Henry St John, 1st Viscount Bolingbroke

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It is the modest, not the presumptuous, inquirer who makes a real and safe progress in the discovery of divine truths.
Truth lies within a little and certain compass, but error is immense.

Henry St John, 1st Viscount Bolingbroke (September 16, 1678December 12, 1751) was an English statesman and philosopher.


  • Truth lies within a little and certain compass, but error is immense.
    • Reflections upon Exile (1716)
  • I have read somewhere or other, — in Dionysius of Halicarnassus, I think, — that history is philosophy teaching by examples.
    • On the Study and Use of History, letter 2; in fact this relates to a third-century CE treatise on rhetoric, wrongly attributed to Dionysius of Halicarnassus, which says (xi. 2): "The contact with manners then is education; and this Thucydides appears to assert when he says history is philosophy learned from examples". The line is not found in Thucydides.
  • Nations, like men, have their infancy.
    • On the Study and Use of History, letter 4 (1752)
  • The landed men are the true owners of our political vessel, the moneyed men are no more than passengers in it.
    • Some Reflections on the Present State of the Nation (1753)
  • The second proposition admits and encourages the very practice we censure so justly, for which the saint [ Augustine of Hippo ] was so famous, and by which he contributed so much to promote contentions in his own days, and to perpetuate them to ours. The practice of deducing doctrines from the scriptures that are not evidently contained in them... Who does not see that the direct tendency of this practice is exactly the same as the event has proved it to be? It composes and propagates a religion, seemingly under the authority of God, but really under that of man. The principles of revelation are lost in theology, or disfigured by it: and whilst some men are impudent enough to pretend, others are silly enough to believe, that they adhere to the gospel, and maintain the cause of God against infidels and heretics, when they do nothing better, nor more, than espouse the conceits of men, whom enthusiasm, or the ambition of forming sects, or of making a great figure in them, has inspired. If you ask now what the practice of the christian fathers, and of other divines, should have been, in order to preserve the purity of faith, and to promote peace and charity, the answer is obvious... They should have adhered to the word of God: they should have paid no regard to heathen philosophy, jewish cabala, the sallies of enthusiasm, or the refinements of human ingenuity: they should have embraced, and held fast the articles of faith and doctrine, that were delivered in plain terms, or in unequivocal figures: they should not have been dogmatical where the sense was doubtful, nor have presumed even to guess where the Holy Ghost left the veil of mystery undrawn.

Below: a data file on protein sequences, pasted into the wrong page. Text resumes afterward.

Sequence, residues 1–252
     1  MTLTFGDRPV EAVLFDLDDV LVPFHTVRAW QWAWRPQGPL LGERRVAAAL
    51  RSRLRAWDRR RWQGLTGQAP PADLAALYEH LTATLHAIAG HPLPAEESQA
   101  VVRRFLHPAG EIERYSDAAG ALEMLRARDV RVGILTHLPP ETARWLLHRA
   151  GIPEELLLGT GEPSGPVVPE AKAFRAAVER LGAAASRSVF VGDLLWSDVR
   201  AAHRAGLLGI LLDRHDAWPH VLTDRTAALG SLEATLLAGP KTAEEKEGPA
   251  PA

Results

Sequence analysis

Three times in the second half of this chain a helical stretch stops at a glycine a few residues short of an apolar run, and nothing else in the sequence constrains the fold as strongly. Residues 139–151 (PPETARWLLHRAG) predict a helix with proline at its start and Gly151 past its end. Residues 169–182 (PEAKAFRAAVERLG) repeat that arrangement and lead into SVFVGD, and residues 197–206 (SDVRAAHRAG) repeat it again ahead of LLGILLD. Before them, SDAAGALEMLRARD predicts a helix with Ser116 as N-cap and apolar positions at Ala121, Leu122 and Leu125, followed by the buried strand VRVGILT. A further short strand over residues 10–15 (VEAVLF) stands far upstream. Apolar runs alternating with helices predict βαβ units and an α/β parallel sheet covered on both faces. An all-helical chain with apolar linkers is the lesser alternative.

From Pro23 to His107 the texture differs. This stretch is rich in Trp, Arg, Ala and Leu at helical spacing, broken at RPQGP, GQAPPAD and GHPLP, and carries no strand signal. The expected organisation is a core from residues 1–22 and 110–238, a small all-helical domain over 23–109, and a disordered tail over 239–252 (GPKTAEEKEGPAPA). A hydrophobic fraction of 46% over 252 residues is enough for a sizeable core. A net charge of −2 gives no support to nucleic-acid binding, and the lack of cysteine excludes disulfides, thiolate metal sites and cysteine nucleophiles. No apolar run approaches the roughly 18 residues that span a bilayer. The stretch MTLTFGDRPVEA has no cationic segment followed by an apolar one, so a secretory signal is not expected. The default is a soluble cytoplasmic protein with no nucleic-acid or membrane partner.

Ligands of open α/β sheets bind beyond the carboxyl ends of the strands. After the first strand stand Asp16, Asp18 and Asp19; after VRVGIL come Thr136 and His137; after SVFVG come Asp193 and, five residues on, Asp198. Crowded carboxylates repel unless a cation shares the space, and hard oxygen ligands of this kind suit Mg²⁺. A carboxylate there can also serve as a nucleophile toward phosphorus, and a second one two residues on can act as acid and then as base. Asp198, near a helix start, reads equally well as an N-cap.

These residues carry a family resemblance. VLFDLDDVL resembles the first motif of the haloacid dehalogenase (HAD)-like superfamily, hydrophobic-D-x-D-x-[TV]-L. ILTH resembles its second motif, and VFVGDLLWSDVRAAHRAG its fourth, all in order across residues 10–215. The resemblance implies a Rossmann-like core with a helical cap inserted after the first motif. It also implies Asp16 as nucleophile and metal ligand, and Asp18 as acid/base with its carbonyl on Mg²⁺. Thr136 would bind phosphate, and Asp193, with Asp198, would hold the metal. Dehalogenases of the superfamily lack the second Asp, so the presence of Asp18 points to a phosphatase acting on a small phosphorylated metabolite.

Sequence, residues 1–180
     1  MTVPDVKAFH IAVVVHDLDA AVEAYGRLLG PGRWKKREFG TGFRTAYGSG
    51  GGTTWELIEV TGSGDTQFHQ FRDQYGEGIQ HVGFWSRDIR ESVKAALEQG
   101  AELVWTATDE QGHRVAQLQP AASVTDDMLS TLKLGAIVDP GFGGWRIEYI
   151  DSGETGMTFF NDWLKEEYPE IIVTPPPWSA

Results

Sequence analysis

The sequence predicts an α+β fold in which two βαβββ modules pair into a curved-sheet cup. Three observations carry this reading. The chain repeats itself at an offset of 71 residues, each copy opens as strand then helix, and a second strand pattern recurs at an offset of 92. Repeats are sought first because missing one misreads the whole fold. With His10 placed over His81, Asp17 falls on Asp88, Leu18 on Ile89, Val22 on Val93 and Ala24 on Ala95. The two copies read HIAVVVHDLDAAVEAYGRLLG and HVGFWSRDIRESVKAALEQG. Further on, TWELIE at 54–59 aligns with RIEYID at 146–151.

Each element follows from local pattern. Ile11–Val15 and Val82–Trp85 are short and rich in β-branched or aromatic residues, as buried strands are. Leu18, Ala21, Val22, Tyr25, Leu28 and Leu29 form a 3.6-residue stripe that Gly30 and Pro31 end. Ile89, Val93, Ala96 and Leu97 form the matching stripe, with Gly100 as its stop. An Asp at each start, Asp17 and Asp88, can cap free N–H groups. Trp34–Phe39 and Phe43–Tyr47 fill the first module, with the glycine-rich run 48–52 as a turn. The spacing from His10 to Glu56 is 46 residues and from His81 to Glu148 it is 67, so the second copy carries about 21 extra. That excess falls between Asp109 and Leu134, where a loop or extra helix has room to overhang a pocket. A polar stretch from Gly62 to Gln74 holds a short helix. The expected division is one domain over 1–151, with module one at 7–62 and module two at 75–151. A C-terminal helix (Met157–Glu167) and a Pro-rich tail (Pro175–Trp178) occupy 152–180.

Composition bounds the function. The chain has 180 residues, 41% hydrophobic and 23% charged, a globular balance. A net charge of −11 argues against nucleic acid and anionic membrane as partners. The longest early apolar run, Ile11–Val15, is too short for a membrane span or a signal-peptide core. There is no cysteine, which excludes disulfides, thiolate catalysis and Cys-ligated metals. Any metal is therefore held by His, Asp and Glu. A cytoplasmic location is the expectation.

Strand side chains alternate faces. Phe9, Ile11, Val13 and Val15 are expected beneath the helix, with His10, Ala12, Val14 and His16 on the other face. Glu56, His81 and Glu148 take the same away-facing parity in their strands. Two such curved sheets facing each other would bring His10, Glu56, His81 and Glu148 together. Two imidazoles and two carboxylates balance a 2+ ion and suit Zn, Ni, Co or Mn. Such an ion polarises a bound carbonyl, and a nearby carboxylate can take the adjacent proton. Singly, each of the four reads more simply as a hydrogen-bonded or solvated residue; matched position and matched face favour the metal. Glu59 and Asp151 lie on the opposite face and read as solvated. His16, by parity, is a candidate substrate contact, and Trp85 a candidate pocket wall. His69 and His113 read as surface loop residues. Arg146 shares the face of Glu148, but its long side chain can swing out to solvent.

• It is the modest, not the presumptuous, inquirer who makes a real and safe progress in the discovery of divine truths. One follows Nature and Nature's God; that is, he follows God in his works and in his word.
    • Letter to Alexander Pope; compare: "Slave to no sect, who takes no private road, But looks through Nature up to Nature’s God", Alexander Pope, Essay on Man, epistle iv. line 331.
  • The shortest and surest way of arriving at real knowledge is to unlearn the lessons we have been taught, to mount the first principles, and take nobody's word about them.
    • As quoted in Treasury of Wisdom, Wit and Humor, Odd Comparisons and Proverbs (1891) by Adam Woolever

Quotes about Bolingbroke[edit]

  • Who now reads Bolingbroke? Who ever read him through? ... I do not often quote Bolingbroke, nor have his works in general, left any permanent impression on my mind. He is a presumptuousness and a superficial writer. But he has one observation, which in my opinion, is not without depth and solidity. He says, that he prefers a monarchy to other governments; because you can better ingraft any description of republic on a monarchy than any thing of monarchy upon the republican forms. I think him perfectly in the right.
  • He was called indeed a tory; but his writings prove him a stronger advocate for liberty than any of his countrymen, the whigs of the present day. Irritated by his exile, he committed one act unworthy of him, in connecting himself momentarily with a prince rejected by his country. But he redeemed that single act by his establishment of the principles which proved it to be wrong. ... Lord Bolingbroke's...is a style of the highest order. The lofty, rhythmical, full-flowing eloquence of Cicero. Periods of just measure, their members proportioned, their close full and round. His conceptions, too, are bold and strong, his diction copious, polished and commanding as his subject. His writings are certainly the finest samples in the English language, of the eloquence proper for the Senate. His political tracts are safe reading for the most timid religionist, his philosophical, for those who are not afraid to trust their reason with discussions of right and wrong.
    • Thomas Jefferson to Francis Eppes (19 January 1821), quoted in Thomas Jefferson, Writings, ed. Merrill D. Peterson (1984), p. 1451

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